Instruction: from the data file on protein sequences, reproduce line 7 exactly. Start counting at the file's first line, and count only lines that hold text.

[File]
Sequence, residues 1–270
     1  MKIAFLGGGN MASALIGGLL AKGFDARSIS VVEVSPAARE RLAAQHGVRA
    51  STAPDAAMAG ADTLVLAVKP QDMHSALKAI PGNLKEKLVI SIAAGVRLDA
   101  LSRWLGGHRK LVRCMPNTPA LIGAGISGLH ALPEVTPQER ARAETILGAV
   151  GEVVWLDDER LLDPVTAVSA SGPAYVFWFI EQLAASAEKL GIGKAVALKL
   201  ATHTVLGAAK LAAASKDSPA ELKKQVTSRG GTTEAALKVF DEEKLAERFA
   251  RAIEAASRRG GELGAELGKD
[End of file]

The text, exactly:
   251  RAIEAASRRG GELGAELGKD